4 1358 = 2 141

therefore A6D16 = 2 669

DECIMAL TO EITHER BINARY, OCTAL OR HEXADECIMAL

Example: Convert 1 0012 to base 10 Place Value

2³ = 8

2² = 4

2¹ = 2

20 = 1

Digit

1

0

0

1

Multiply

1×8

0×4

0×2

1×1

To convert a number from decimal to binary, continuously divide the number by 2, taking out the remainder at each step. Then read the remainders upwards. To convert from decimal to octal use the same procedure but divide continuously by 8. To convert from decimal to hexadecimal use the same procedure but divide continuously by 16.

2.20

Module 01 - Mathematics

Example: Convert 10 to base 2. We can divide this into steps. Step 1:

2 10 5 ¥ Remainder 0

Two divides into 10 five times with no remainder Step 2:

25 2

¥ Remainder 1

Two divides into five twice with one remainder Step 3:

22 1

¥ Remainder 0

Two divides into two once with no remainder Step 4:

21 0

¥ Remainder 1

¥ Remainder 0 ¥ Remainder 1 ¥ Remainder 0 ¥ Remainder 1

Therefore, 10 = 10102

Module 01 - Mathematics

8 748 8 93 8 11 81 0

¥ Remainder 4 ¥ Remainder 5 ¥ Remainder 0 ¥ Remainder 1

Read answer upwards

Therefore, 748 = 10548 Example: Convert 256 to base 16.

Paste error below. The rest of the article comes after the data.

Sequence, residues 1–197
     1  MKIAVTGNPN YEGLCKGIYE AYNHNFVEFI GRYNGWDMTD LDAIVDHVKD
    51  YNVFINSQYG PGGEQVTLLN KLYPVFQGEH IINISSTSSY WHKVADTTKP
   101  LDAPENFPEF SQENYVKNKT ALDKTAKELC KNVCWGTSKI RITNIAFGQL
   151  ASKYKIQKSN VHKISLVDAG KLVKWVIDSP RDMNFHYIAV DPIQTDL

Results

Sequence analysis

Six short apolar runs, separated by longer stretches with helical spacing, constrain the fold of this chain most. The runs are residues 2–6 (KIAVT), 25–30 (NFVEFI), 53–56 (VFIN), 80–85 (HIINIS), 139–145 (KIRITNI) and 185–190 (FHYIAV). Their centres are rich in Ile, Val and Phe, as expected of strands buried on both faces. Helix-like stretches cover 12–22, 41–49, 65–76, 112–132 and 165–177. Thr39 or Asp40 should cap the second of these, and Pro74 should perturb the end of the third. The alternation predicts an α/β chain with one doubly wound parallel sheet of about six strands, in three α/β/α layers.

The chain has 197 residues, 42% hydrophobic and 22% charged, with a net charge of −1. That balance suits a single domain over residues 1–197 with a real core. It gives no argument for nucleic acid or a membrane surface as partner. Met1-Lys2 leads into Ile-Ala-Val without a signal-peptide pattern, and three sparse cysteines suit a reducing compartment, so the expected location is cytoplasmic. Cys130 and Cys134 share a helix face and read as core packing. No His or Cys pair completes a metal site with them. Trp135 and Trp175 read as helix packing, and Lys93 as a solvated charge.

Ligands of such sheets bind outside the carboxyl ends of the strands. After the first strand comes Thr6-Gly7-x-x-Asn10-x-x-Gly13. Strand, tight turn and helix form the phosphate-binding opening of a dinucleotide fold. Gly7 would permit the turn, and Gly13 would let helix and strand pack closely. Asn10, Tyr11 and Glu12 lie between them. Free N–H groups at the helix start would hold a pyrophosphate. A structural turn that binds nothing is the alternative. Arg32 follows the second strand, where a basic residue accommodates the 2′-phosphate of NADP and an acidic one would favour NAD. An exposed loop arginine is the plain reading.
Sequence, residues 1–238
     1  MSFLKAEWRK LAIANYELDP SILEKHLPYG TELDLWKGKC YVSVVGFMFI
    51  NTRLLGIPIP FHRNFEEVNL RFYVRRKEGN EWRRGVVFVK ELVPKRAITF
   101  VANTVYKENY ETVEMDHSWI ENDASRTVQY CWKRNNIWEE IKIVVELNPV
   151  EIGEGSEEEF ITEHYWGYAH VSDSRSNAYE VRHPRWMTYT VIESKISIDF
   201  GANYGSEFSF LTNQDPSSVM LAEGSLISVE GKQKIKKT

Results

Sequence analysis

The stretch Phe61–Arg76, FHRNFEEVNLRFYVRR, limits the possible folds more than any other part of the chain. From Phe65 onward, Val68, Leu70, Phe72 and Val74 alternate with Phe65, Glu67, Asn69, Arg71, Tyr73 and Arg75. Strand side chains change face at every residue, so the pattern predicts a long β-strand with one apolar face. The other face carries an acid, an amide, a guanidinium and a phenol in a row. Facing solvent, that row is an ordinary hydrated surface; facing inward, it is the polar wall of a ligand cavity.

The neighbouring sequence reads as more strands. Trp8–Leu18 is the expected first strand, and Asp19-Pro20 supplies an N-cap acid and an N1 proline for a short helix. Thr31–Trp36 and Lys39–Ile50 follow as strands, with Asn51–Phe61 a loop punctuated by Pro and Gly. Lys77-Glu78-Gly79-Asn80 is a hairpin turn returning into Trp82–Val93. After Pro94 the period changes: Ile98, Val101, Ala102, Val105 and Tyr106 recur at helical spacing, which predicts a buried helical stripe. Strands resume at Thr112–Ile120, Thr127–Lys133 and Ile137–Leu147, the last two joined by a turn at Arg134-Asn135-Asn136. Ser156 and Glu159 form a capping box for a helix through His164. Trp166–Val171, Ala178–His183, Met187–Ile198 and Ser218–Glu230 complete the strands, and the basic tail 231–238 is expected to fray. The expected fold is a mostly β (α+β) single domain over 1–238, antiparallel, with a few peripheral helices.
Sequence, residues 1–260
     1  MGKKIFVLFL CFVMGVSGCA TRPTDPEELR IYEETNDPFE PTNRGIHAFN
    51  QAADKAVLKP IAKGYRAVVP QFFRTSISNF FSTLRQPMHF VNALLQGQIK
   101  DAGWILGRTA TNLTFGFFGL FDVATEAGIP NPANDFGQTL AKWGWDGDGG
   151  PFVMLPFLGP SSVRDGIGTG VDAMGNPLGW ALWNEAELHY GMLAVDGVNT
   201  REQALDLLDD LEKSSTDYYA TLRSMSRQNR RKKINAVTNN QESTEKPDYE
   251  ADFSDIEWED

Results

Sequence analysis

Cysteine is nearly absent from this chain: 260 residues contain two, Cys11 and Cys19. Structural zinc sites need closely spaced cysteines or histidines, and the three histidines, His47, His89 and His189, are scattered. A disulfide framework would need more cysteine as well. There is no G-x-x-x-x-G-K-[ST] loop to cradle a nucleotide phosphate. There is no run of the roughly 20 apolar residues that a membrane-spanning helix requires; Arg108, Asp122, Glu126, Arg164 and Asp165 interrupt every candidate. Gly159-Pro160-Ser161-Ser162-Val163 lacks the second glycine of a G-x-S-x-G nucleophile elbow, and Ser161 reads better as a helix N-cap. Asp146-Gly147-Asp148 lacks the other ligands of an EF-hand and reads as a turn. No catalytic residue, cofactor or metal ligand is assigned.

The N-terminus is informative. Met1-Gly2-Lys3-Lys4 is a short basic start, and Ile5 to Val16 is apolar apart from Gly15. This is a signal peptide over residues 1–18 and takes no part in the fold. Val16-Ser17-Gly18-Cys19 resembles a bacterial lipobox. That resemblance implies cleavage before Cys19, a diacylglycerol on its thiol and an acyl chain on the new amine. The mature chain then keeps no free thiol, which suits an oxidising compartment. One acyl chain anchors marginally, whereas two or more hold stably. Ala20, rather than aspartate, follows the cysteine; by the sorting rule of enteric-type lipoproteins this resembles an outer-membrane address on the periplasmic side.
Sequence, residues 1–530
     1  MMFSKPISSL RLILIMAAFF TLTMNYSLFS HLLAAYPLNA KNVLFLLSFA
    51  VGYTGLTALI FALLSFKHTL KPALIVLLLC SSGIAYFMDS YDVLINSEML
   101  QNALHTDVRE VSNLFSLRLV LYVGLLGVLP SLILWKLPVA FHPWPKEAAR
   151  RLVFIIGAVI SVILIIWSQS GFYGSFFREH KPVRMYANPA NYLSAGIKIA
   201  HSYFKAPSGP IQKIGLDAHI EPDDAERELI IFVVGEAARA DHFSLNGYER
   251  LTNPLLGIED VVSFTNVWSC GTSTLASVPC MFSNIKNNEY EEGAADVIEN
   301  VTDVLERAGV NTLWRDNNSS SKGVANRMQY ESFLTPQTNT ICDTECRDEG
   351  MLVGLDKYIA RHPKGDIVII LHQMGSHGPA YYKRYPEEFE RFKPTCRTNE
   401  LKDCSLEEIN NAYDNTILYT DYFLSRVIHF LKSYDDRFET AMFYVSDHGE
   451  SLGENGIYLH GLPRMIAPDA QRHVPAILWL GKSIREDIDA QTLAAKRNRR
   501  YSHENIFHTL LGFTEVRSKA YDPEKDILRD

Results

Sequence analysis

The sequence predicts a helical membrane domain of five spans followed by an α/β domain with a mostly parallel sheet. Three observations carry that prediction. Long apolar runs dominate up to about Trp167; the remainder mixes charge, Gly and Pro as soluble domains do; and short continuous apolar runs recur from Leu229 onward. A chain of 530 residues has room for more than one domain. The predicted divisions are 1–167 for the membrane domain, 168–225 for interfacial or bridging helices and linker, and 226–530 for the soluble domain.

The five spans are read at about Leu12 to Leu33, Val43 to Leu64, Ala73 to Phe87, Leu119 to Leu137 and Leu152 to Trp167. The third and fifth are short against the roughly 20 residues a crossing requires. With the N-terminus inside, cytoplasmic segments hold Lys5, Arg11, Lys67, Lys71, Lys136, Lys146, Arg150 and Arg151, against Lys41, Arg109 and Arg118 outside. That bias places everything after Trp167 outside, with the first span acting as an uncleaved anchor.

16 259 16 16 ¥ Remainder 3 16 1 ¥ Remainder 0 0 ¥ Remainder 1

Read answer upwards

Therefore, 256 = 10316 Example: Convert 172 to base 16,

16 172 16 10 ¥ Remainder 12 i.e. C 16 0 ¥ Remainder 10 i.e. A

Read answer upwards

Therefore, 172 = AC₁₆

Two divides into one zero times with no remainder. It is easier to write this all together as shown below. 2 10 25 22 21 0

Example: Convert 748 to base 8.

ARITHEMETIC

The following examples will show this method.

Read answer upwards

Computer and digital systems engineers may use other number systems to make their work easier. A binary number is typically much longer that its decimal equivalent. However, modern circuits have very fast switching speeds so that the length of binary numbers can be tolerated. This is especially true because of the reliability that is gained from a system that is built from components that are either 1 or 0, ON or OFF, that is, that either have voltage or do not have voltage. Digital systems based on the binary number system will be studied in Module 05 of this Aviation Maintenance Technician Certification Series.